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Let and let be the nilpotent radical of the standard Borel subgroup, i.e., is the subgroup of consisting of upper triangular matrices with 1’s on the diagonal. Given a non-trivial character , we define a character of by

This defines a one-dimensional representation of . One can show that the induced representation is multiplicity-free, i.e., when we decompose into a sum of irreducible constituents,

we have for all . Each constituent is called a *generic* irreducible representation. There are many reasons for calling them *generic*. One is that no matter which non-trivial character we choose, we obtain the same induced representation up to equivalence. One can see this by looking at the induced character values on each conjugacy class. These values will be polynomials in and, once simplified, do not depend on the character . Moreover, this *Gelfand-Graev representation* contains *most* irreducible representations of the group.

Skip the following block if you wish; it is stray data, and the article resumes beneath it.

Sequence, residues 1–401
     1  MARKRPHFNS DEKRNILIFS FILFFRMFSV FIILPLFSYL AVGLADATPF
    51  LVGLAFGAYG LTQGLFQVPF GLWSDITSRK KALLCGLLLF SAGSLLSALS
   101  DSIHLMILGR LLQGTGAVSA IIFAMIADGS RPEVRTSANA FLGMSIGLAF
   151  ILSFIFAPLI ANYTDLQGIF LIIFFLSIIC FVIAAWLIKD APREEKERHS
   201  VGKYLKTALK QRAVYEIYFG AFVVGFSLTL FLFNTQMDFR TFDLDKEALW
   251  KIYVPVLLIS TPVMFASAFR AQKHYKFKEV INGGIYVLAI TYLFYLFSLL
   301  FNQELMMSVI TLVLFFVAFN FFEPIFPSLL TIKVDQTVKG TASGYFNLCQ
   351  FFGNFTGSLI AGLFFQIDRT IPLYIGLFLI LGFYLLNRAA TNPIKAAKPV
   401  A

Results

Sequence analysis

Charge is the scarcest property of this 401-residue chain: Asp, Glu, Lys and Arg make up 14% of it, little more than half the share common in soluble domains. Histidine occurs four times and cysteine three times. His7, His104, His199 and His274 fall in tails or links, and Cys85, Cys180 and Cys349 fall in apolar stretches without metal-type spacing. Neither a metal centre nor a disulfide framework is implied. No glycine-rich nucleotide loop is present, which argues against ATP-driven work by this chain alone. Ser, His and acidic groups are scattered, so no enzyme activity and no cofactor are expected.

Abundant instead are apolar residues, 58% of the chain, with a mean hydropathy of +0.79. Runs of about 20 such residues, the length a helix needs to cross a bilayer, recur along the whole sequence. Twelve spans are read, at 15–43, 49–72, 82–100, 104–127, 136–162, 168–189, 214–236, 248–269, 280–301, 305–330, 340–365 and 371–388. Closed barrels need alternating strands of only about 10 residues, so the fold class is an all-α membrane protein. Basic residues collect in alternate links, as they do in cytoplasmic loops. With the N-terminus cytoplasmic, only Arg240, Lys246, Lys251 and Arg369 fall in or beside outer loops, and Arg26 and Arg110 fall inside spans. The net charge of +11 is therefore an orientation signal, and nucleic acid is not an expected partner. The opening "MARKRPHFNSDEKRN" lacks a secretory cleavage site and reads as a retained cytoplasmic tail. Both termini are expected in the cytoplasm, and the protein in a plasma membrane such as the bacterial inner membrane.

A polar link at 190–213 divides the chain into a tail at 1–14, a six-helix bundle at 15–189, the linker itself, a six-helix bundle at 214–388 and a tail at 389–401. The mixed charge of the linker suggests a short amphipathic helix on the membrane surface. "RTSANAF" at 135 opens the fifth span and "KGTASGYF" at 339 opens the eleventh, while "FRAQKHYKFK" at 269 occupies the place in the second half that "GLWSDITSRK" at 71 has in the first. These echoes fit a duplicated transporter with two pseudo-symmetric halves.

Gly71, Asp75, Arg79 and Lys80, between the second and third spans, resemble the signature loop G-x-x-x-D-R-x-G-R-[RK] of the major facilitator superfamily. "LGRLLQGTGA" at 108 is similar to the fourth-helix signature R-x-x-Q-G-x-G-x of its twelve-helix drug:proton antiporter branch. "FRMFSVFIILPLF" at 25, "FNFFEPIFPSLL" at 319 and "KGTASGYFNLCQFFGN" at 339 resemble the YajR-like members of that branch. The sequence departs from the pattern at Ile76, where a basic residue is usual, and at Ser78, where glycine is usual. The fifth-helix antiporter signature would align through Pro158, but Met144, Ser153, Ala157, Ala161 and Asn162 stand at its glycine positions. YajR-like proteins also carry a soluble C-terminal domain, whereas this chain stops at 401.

To see this, we can compare the number of irreducible constituents of with the number of irreducible representations of . By a standard result in the representation theory of finite groups, the number of irreducible representations of is equal to its number of conjugacy classes.